The HydroGen Corporation has announced that they have started up a 400 kw hydrogen-powered phosphoric acid fuel cell (PAFC) at ASHTA Chemicals in Ashtabula, Ohio. This full-scale commercial demonstration project uses “by-product hydrogen” from the ASHTA plant that is created in the production of chlor-alkali.
The electricity created by the HydroGen PAFC is used to help power the chemical facility. The HydroGen fuel cell prototype serves as a demonstration for several multi-megawatt fuel cell power plants to follow.
In the future, the 400 kw fuel cell will serve as the first of five such modules in a standard 2 MW “Power Island”. This HydroGen Power Island can then be scaled up to larger fuel cell power plants in the 6 MW – 30 MW range.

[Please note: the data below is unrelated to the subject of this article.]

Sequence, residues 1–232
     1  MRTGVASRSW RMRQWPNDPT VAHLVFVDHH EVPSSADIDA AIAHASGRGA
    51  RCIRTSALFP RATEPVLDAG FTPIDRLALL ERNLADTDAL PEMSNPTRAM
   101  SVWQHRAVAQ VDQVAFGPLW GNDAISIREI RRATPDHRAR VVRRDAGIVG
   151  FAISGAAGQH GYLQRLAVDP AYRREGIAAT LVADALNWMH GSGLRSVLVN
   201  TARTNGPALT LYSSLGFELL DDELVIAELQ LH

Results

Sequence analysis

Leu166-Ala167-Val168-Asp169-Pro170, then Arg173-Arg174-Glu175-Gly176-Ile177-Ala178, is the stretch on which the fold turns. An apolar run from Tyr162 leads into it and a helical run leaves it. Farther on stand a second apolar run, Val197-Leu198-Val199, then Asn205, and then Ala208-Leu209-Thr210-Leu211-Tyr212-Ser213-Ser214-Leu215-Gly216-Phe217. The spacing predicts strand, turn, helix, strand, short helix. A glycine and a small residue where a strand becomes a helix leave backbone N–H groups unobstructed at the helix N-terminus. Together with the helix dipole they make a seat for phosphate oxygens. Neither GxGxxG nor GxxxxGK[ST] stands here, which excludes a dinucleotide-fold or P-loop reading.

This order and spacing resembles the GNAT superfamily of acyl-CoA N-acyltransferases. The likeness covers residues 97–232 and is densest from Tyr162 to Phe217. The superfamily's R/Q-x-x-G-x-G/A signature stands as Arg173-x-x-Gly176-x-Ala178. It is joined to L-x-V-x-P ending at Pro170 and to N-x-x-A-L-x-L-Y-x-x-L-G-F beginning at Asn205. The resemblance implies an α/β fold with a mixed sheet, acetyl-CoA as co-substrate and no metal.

The chlor-alkali hydrogen fuel cell demonstration project in Ohio is not the first one of its kind, however. In March, I had talked about a chlor-alkali fuel cell power plant in The Netherlands, which had achieved over 4,000 operating hours.
In addition, the IWHUP (Integrated Waste Hydrogen Utilization Project) project in Canada is helping chemical companies that produce sodium chlorate use the waste hydrogen to power vehicles. IWHUP has estimated that chemical companies all over Canada waste enough hydrogen to power 200,000 fuel cell cars.